Then, one day, they came for me. I’d been running with a small group, keeping out of sight of the Viking invaders, finding refuge in the streets of Lunvik, the former capital city. They took our weapons and offered us our limited freedom in return for our oaths accepting the restoration of an English society under Viking rule. Work with them and rebuild. It was enticing, but it was not the England had known all my life. While most of my fellows agreed to their terms, I held out. I would not bow to invaders. I did not want to become a docile wife and mother.
So I found myself before Magnus Svengar, the commander of their English campaign. We were similar ages and neither of us would back down. He had mahogany coloured hair and beard, both untrimmed, and clear blue eyes that seemed to weigh up a person’s soul. He said he understood it was hard for me to accept the new regime, but it was time for England to be restored to a civilised state. Our raiding parties had to end. Electric power was being restored, there would soon be transport networks as roads were cleared. City streets were clear and people had purpose. Magnus pointed to some screens – he already had a surveillance networks throughout Lunvik, his engineers had restored the CCTV networks in this and major towns, and even along the main highways. I was free to leave, but wherever I went he could watch me and ensure I caused no inconvenience or unrest. He told me I might think of myself as a Boudicca for the modern age, but I should rest assured that I was just a troublesome rebel and like all the other troublesome rebels I would either come round to his way of thinking, or I would probably starve in the countryside with no-one willing to help me. As long as I caused trouble only to myself he would tolerate me. But if I tried to incite rebellion ….. his face became grim. I tried to hold his gaze, but for once I was first to look away.
Weaponless, I left.
She was a tigress all right – a caged tigress. She knew she had no power and no allies, but she would not come round to a civilised way of thinking. We would not let one little tigress stand in the way of restoring England. She had left – and we didn’t stop her – but we could keep tabs on her. The little tigress might snarl and spit, but her fangs had been pulled and her claws cut. With power and sanitation working, with trade established in food and necessities, her way of life was no longer attractive to other people.
Wherever I went I found little sympathy. The Vikings were restoring order and the English adopted the new domesticated lifestyle. Work, get paid, spend money. The streets were clean. The trade routes were open. There was even talk of a steam-railway. The unrest was a mere murmur. I tried to find the National Front, our multi-ethnic resistance against the Viking invaders, but even they had bowed to the Viking yoke. So I walked westwards. Before my interview with the Viking commander there had been talk of the last Bloodsword. It was old magic, or old tech, and it was powerful. A black sword that was wielded by a righteous warrior and thirsted for enemy blood. It had once belonged to the king of all England and now lay in a sacred pool in a sanctuary in the West Country, or maybe as far away as Wales.
I walked and found I was not alone. By the time we reached the sanctuary there were as many as a hundred of us.
By god I wish this tigress fought beside me, not against me. She didn’t know when she was defeated. When everything else fails, people are brought together by myth and legend. We’d tracked her along her whole route. We’d watched her attempts to contact the National Front (which no longer existed). We also watched the others who were drawn together by the myth of a black-bladed sword that could be wielded only by the true ruler of Britain. We even had surveillance cameras at her destination – an old cathedral, half-ruined in the war – where a blackened blade stood in a murky pool of water, its guard and grip making the sign of a cross. I admired her resolve, however misguided it was.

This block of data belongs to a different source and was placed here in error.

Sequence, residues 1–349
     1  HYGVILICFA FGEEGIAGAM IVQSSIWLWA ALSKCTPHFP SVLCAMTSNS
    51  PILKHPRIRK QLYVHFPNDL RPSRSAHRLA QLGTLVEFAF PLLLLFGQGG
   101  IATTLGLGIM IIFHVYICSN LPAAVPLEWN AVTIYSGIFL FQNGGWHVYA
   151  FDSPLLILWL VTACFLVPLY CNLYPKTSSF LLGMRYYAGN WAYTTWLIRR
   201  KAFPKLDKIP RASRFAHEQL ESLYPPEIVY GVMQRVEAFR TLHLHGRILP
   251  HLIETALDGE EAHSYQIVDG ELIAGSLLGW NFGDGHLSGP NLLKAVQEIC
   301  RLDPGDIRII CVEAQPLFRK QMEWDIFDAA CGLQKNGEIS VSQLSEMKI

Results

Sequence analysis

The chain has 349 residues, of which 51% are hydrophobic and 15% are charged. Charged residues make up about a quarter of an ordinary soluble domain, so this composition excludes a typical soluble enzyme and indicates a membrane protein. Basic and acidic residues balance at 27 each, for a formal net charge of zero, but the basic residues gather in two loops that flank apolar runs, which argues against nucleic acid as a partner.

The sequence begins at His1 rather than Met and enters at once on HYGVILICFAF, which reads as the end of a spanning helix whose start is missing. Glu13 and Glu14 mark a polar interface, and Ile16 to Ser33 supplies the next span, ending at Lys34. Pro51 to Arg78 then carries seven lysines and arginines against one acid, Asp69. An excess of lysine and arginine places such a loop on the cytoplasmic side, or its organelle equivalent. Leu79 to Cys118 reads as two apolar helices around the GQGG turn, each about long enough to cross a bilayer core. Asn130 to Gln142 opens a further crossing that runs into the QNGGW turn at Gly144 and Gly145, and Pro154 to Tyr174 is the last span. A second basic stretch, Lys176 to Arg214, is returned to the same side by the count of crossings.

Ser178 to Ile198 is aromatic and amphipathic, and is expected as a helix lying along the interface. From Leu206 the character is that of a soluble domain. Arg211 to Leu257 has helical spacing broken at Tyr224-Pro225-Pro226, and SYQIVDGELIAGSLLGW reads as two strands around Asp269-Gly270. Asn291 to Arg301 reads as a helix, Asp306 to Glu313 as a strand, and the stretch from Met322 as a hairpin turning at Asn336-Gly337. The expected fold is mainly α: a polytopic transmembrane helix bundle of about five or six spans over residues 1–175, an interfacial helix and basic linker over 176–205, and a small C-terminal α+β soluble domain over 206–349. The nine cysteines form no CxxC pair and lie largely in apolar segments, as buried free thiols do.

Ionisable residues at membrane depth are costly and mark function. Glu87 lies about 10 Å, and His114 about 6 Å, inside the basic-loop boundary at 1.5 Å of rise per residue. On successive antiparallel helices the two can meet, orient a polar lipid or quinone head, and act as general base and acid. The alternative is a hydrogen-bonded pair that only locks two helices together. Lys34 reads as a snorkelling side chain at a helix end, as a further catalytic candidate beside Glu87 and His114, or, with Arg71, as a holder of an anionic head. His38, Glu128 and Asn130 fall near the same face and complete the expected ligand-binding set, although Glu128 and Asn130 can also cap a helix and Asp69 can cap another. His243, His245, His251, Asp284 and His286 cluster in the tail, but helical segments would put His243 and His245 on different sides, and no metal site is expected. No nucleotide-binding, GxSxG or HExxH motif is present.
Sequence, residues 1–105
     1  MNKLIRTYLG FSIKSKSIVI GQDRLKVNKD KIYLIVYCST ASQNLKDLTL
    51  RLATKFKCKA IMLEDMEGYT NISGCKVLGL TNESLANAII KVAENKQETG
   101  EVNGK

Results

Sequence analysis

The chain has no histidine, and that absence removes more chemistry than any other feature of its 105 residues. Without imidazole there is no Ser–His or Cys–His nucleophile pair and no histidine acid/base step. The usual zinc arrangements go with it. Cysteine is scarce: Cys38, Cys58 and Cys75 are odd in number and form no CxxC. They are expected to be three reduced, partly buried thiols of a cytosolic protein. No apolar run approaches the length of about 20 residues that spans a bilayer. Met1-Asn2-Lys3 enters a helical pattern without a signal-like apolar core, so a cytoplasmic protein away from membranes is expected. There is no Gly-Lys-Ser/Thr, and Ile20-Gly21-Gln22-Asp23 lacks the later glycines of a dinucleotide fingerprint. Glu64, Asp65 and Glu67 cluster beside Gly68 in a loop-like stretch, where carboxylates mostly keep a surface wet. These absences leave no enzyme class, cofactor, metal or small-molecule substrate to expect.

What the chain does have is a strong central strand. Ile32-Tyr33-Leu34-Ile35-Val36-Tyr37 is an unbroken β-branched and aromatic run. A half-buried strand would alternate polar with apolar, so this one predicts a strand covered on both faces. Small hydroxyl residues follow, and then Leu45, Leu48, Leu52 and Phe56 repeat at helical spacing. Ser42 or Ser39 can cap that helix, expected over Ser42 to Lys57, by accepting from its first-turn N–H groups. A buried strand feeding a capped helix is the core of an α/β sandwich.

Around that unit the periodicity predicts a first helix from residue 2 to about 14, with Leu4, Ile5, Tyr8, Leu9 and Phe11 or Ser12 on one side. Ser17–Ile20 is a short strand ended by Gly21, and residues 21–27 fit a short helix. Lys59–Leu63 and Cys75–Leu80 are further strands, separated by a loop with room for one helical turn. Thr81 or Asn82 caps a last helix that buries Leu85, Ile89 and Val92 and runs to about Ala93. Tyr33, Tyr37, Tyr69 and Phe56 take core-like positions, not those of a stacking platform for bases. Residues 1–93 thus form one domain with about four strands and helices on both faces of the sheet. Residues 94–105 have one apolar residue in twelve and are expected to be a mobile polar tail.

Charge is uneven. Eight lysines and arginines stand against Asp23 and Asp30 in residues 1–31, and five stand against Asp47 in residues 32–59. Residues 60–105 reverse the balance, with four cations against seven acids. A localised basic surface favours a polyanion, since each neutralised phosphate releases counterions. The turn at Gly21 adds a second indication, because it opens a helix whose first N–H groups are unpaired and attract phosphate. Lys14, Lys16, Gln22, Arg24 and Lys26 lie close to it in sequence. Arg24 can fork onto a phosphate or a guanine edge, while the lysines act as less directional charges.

Though I consider myself a leader and a diplomat, I have warrior blood. The tigress has warrior dreams. If only I could talk her round to my point of view - think what children we could have, this tigress and I!
The Bloodsword was an old, old legend. Sufficiently advanced technology could be mistaken for magic. The Bloodsword was such an artefact. Draw the black blade from the pool only if you would wield against your enemies. If you tried to put it back in the pool you would lose your mind. Of the hundred or so of us, none dared touch the blackened grip, let alone draw it from the pool. Then a man, who was here with his wife and baby, bravely pulled the sword from its resting place. The blade looked oily. His eyes widened and, with a look of horror, he tried to put the blade back. As it slid into the oily water, he screamed as though his soul were being pulled out of his body and he curled on the ground, his mind gone. He lay at the feet of his wife, babbling incoherently, his eyes wide with terror. No-one else dared touch the sword.
I hesitated only a moment. In my mind I saw myself sliding the sword into Magnus’s ribcage, I saw his blue eyes grow cloudy in death. I walked to the edge of the pool and grasped the handle, pulling the old sword from its resting place. The handle released a static electric charge that prickled my flesh. My blood sang in my veins. The sword understood my hunger for revenge and accepted me. As I held it up it felt like part of me. I promised it would drink Viking blood.
“Magnus!” I yelled, “I challenge you!”
Fashioning a sheath out of my coat, I strapped the Bloodsword to my back and turned back towards Lunvik, back towards Magnus Svengar.